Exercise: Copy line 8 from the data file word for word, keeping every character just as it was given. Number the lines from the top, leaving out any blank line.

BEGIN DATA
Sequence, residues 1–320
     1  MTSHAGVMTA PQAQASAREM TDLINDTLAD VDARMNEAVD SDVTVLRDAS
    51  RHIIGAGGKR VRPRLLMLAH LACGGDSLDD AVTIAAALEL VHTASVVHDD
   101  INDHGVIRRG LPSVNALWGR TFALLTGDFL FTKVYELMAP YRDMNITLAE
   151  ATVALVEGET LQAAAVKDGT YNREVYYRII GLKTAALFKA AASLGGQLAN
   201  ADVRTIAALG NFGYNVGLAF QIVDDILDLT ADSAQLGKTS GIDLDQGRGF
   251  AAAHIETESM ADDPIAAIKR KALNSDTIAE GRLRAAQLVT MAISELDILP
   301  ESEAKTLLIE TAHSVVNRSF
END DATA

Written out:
   301  ESEAKTLLIE TAHSVVNRSF